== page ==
The 10 fossils reviewed in this study provide minimum age constraints on six internal nodes in the phylogeny of Magnoliidae (Table 1, Figure 1). Considered together, one of these age constraints (the crown node of Laurales) is uninformative because it is implied by an equal minimum age constraint nested higher in the tree. Six of these fossils have not yet been used to provide calibration points in any molecular dating studies. The four remaining have been used in several previous studies, often with different ages and to calibrate different nodes (see “Previous Use as Calibration” sections). Several other fossils have been used in the literature to set minimum age calibrations, some of which are different from those recommended here. In the majority of these papers the justification for a specific age and position used in association with these fossils was not provided. The present review is intended to be a reliable source of information for readers about the bases underlying the use of these calibration points.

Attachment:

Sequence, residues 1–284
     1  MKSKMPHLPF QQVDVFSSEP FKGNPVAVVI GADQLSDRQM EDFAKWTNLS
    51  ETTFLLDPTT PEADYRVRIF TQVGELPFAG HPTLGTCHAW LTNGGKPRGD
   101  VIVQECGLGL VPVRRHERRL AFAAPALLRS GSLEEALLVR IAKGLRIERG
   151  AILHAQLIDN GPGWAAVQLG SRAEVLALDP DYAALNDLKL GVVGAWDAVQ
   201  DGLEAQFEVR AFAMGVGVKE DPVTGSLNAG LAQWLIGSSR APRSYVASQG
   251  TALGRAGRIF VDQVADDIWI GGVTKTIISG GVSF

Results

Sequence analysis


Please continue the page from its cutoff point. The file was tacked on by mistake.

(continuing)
The positions of Archaeanthus linnenbergeri, Endressinia brasiliana, Virginianthus calycanthoides, Mauldinia mirabilis, Cohongarootonia hispida, and Walkeripollis gabonensis have been evaluated using similar backbone trees and either the data set of Endress and Doyle (2009) or the data set of Doyle and Endress (2010) (see fossil sections 1, 3, 4, 7, 8, and 9 for details). These studies investigated the position of the fossils in a broad context of basal angiosperms compatible with current knowledge of angiosperm phylogeny, and using a compromise between ‘exemplar’ and ‘compartmentalized’ approaches to taxon representation. When a supra-specific group did not have a homogeneous morphology, the authors of these studies filled the matrix with ancestral states deduced from knowledge of basal relationships in the taxon supported by other studies. Relationships within the compartments of Magnoliidae used by Endress and Doyle (2009) and Doyle and Endress (2010) to deduce plesiomorphic traits of these supra-specific terminals have not been contradicted by subsequent studies focused on particular families (Marquínez et al., 2009; Michalak et al., 2010; Renner et al., 2010; Chatrou et al., 2012). For all these reasons, we argue that the positions of the fossils supported in these studies are up-to-date and can be used with some confidence. Regarding other calibration points, the phylogenetic analyses we have used as a reference for fossil relationships in this paper represent solid advances. However, future analyses with denser taxon sampling and updated morphological and molecular data sets will be required to challenge further, and hopefully confirm, the relationships summarized in this paper. For instance, the analysis of Saururus tuckerae by Smith and Stockey (2007) could be improved by adding key taxa of Piperales not included in their analysis (Hydnoraceae, Thottea, Saruma, Manekia, and Verhuellia).